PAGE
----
A few days before Christmas last year, I posted about my boyhood fascination with stars. Not the Hollywood kind, but the jewelled display of God’s handiwork hung in the night sky. I wrote of an experience from long ago in which my wife and I went with some friends to Anza Borrego State Park for an overnight camping trip, and a clear view of the constellations away from the “light pollution” of the city.
I have a more vivid scene to remember today; this time, it was from Joshua Tree National Park, near Palm Springs.
My wife and I planned a mini-vacation to Palm Desert with our son, daughter, and daughter-in-law. The plan was to head out to Joshua Tree late Tuesday afternoon, to see which desert wildflowers were blooming, and then stay until after sunset to watch the stars come out. The weather was perfect; it was a good plan.
But the day we left on vacation, a death in my wife’s family compelled her to head home, then catch a plane to be with her family, while the kids and I sadly carried through with the original plan without her.
We arrived at the park about an hour before sunset. There was little in the way of flora to enjoy. It was too early for the ocotillos to be in bloom; we didn’t even see a single Joshua tree where we were in the southern area of the park. I decided to get a decent sunset photo and leave it at that.
We parked the car in a small deserted lot by a nature trail and waited for the sky to darken. Jupiter and Venus were already clearly visible before the stars began to emerge, a few at a time, as if by cosmic dimmer switch. Mars glowed faintly orange on the other side of the sky. In time, the night was gloriously alive with stars.
Since childhood, I had always looked for Orion first, as if he were an old friend. There he was, standing conspicuously next to the softly glowing band of the Milky Way. Over there, the Big Dipper, pointing to the North Star, and there, the Little Dipper. Behind it, Cassiopeia. With the small handheld telescope my son brought with him (a hand-me-down from a neighbor), we were even able to see the Orion Nebula.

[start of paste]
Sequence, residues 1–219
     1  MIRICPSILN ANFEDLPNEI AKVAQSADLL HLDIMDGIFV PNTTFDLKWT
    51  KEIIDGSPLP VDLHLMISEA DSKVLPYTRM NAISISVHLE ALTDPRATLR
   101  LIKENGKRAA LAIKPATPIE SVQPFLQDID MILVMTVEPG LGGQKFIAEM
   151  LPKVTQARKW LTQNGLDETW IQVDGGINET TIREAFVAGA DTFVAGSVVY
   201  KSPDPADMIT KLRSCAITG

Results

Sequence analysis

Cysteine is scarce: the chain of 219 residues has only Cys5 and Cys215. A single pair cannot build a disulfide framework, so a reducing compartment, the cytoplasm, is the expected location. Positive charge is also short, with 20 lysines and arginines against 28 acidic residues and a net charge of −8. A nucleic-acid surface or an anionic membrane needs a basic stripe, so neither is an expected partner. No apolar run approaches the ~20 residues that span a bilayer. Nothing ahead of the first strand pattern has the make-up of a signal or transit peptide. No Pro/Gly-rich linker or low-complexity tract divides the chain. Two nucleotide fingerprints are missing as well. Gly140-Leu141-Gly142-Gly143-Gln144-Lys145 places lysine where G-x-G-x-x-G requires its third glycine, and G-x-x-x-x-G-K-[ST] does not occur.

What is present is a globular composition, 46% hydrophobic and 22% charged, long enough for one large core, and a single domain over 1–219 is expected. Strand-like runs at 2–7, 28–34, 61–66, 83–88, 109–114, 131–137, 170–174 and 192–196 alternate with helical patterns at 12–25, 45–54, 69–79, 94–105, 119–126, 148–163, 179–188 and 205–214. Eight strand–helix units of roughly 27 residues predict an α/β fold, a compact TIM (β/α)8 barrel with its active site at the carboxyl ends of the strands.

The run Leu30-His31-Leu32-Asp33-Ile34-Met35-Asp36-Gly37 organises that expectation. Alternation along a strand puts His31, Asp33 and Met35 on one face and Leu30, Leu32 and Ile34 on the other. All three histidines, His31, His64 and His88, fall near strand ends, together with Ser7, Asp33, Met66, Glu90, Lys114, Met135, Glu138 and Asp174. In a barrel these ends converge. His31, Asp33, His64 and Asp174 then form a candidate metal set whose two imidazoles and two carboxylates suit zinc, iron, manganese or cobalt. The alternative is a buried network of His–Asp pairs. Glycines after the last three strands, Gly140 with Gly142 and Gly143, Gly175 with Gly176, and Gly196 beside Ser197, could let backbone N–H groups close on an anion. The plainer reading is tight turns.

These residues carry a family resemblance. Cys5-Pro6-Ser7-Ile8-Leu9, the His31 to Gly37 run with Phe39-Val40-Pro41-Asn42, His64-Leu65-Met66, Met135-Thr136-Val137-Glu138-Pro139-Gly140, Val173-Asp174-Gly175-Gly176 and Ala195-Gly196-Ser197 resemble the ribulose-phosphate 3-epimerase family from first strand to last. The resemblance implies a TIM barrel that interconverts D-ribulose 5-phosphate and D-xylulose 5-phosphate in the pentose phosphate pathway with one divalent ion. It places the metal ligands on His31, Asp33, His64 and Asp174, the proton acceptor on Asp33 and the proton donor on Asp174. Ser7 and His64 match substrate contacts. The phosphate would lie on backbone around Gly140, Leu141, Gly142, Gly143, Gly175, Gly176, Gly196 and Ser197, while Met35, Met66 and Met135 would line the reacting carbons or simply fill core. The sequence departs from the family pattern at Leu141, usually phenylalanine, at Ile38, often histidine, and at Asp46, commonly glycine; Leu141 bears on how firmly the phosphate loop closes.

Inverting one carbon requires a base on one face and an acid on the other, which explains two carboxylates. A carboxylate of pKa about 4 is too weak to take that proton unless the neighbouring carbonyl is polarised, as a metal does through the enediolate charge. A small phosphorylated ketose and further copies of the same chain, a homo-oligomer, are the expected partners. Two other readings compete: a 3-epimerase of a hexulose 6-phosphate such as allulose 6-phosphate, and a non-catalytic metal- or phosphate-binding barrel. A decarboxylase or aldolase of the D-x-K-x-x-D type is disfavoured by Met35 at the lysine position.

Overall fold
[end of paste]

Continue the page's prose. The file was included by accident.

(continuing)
It was breathtaking.
I had to sit inside the car from time to time to warm up. Leaning against the window, looking up at the sky, I felt a pang of sadness–I wished my wife could have been there to share the experience. It had been her idea in the first place; she, too, remembered her first experience of the desert sky and wanted a blessed encore. But it was not to be. Not this time. I was sad for her, sad for her family, and sad for us.
But the Holy Spirit spoke to me through the stars. Not audibly; not in clear, declarative sentences. Rather, I experienced a shift in perspective. What we call the Milky Way is the edgewise view of our galaxy. Gazing at it stretching almost perpendicularly from horizon to horizon, I realized that I had an implicit image of the galaxy expanding outward from where I stood, flat, in the same plane, as if all of reality should be nothing more than an extension of my own experience. Seeing the edge of the galaxy above me made me feel disoriented, crooked, as if somehow everything was leaning dangerously and might fall over at any second.
That’s what happens when you start imagining reality on a galactic scale. And suddenly, death and life seemed like mere moments–important moments to be sure, but moments nonetheless–in an eternal symphony orchestrated by the one who holds the stars in his hand.
That realization didn’t take away the longing for everything wrong to be made right.
But it did transform it into something that had more of the character of hope. That’s the memory I want to keep, the way I want to hold the galaxy in my off-kilter imagination.